20. 20. The AntacidsThe Antacids Pharmacodynamics: drug action • The administration of antacid may cause an acid rebound. • Neutralizing the stomach content to an alkaline level stimulates gastrin production to cause an increase in acid production and return the stomach to its normal acidic state.
  21. 21. The AntacidsThe Antacids Therapeutic Indications • Symptomatic relief of upset stomach associated with hyperacidity • Hyperacidic conditions like peptic ulcer, gastritis, esophagitis and hiatal hernia
  22. 22. The AntacidsThe Antacids Precautions of Antacid Use • Known allergy is a clear contraindication. Caution should be instituted if used in electrolyte imbalances, GI obstruction and renal dysfunction.
  23. 23. Antacids are combined toAntacids are combined to • I.I. Antagonize the side effect ofAntagonize the side effect of the other componentthe other component II.II. Obtain a product with aObtain a product with a rapid onset and sustained actionrapid onset and sustained action III.III. Lower the dose of eachLower the dose of each componentcomponent
  24. 24. • Slow onset,long duration – ALOH • Fast onset,short duration – MgOH,Na bicarb • Fast onset, LONG duration – CaCO3
  25. 25. The AntacidsThe Antacids Pharmacokinetics • These agents are taken orally and act locally in the stomach
  26. 26. The AntacidsThe Antacids Pharmacodynamics: Effects of drugs 1. GIT= rebound acidity; alkalosis may occur. • Calcium salts may lead to hypercalcemia and milk-alkali syndrome. • Magnesium salts can cause DIARRHEA • Aluminum salts may cause CONSTIPATION and hypophosphatemia by binding with phosphates in the GIT. 2. Fluid retention due to the high sodium content of the antacids.
  27. 27. The PPIThe PPI These are the newer agents for ulcer treatment • The “prazoles” Prototype: Omeprazole • Lanisoprazole • Esomeprazole • Pantoprazole
  28. 28. The PPIThe PPI Pharmacodynamics: drug action • They act at specific secretory surface receptors to prevent the final step of acid production and thus decrease the level of acid in the stomach. • The “pump” in the parietal cell is the H-K ATPase enzyme system on the secretory surface of the gastric parietal cells
  29. 29. 3 therapy3 therapy • Omeprazole +chlarithromycin+amoxicillin /metronidazole
  30. 30. The PPIThe PPI Clinical use of the PPIs • Short-term treatment of active duodenal ulcers, GERD, erosive esophagitis and benign gastric ulcer. • Long-term- maintenance therapy for healing of erosive disorders. Precautions with the use of the PPIs • Known allergy is a clear contraindication. Caution if patient is pregnant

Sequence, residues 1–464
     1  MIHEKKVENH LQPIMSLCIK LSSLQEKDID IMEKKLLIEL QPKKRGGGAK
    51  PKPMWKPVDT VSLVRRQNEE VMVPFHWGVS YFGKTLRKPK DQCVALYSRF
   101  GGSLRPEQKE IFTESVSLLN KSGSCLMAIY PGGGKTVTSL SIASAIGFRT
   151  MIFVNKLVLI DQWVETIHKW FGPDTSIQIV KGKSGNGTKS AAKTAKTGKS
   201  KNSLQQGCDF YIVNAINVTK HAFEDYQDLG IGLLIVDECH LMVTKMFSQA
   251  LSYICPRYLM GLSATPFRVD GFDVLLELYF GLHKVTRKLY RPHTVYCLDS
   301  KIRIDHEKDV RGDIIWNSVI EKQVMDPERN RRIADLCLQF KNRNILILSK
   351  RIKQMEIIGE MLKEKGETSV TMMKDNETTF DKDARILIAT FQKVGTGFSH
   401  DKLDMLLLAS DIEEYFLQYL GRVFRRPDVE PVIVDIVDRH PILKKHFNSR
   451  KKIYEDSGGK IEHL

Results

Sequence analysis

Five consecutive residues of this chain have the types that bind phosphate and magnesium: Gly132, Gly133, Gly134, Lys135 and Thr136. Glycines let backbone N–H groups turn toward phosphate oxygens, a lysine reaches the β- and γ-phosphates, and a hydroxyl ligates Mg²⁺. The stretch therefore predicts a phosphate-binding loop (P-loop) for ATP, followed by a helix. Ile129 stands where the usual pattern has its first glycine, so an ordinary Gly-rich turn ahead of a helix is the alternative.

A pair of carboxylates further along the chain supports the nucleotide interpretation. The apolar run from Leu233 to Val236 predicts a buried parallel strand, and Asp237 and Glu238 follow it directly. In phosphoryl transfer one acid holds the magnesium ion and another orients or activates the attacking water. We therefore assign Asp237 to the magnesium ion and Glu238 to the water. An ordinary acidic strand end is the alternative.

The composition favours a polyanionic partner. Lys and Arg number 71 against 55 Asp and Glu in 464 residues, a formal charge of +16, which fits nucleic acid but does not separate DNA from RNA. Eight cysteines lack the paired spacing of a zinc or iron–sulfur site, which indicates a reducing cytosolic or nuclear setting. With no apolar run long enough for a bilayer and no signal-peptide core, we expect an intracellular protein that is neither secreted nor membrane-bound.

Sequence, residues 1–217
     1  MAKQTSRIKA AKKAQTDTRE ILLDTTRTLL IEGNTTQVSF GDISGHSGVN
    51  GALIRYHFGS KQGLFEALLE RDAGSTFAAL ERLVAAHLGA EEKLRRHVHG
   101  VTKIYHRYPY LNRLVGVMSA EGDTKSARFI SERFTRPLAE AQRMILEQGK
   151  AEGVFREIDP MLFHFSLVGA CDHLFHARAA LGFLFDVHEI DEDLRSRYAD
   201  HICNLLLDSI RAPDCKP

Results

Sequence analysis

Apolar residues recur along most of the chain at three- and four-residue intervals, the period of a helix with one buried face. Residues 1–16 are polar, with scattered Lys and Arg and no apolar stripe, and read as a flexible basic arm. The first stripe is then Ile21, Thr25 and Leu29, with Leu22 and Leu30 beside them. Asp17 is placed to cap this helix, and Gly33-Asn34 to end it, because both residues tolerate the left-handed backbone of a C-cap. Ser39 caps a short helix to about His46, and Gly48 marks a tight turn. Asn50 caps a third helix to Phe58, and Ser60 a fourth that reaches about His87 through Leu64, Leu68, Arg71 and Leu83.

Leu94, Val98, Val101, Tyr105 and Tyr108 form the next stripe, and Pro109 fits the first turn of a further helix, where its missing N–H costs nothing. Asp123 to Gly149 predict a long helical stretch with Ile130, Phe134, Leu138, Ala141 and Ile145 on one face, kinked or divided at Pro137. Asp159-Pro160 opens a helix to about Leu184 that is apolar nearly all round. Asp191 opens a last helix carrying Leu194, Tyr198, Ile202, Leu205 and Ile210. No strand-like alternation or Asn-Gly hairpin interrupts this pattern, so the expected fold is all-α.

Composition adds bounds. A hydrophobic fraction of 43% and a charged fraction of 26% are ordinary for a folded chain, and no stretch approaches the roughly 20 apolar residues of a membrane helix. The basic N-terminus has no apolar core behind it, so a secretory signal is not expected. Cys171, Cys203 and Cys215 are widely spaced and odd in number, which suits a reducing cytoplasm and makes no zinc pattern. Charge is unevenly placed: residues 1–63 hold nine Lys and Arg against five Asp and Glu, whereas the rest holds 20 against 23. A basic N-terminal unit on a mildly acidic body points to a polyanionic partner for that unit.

31. 31. The PPIThe PPI Pharmacodynamics: Adverse effects • CNS- dizziness, headache, asthenia (loss of strength), vertigo, insomnia, apathy • GIT- diarrhea, abdominal pain, nausea, vomiting, dry mouth and tongue atrophy • Respi- cough, stuffy nose, hoarseness and epistaxis.
  32. 32. The Mucosal ProtectantThe Mucosal Protectant Sucralfate • This is given to protect the eroded ulcer sites in the GIT from further damage by acid and digestive enzymes
  33. 33. SucralfateSucralfate Pharmacodynamics: Action of drug • It forms an ulcer-adherent complex at duodenal ulcer sites, protecting the sites against acid, pepsin and bile. • This action prevents further breakdown of proteins in the area and promotes healing.
  34. 34. SucralfateSucralfate Clinical use of sucralfate • Short and long term management of duodenal ulcer. • NSAIDs induced gastritis • Prevention of stress ulcer • Treatment of oral and esophageal ulcers due to radiation, chemotherapy or sclerotherapy.
  35. 35. SucralfateSucralfate Precautions on the use of Sucralfate • This agent should NOT be given to any person with known allergy to the drug, and to those patients with renal failure/dialysis because of build-up of aluminum may occur if used with aluminum containing products.
  36. 36. The Mucosal ProtectantThe Mucosal Protectant Pharmacodynamics: Side-effects & adverse reactions • Primarily GIT= CONSTIPATION, occasionally diarrhea, nausea, indigestion, gastric discomfort, and dry mouth may also occur • CNS= dizziness, drowsiness, vertigo • Others= rash and back pain
  37. 37. The Mucosal ProtectantThe Mucosal Protectant Drug-drug interactions • If used with aluminum salts= high risk of accumulation of aluminum and toxicity. • If used with phenytoin, fluoroquinolones and penicillamines- decreased levels of these drugs when taken with sucralfate
  38. 38. Prostaglandin analogueProstaglandin analogue Misoprostol • This agent is a synthetic prostaglandin E1 analog that is employed to protect the lining of the mucosa of the stomach
  39. 39. Prostaglandin analogueProstaglandin analogue Misoprostol: Pharmacodynamics • Being a prostaglandin analog, it inhibits gastric acid secretion to some degree • It INCREASES mucus production in the stomach lining.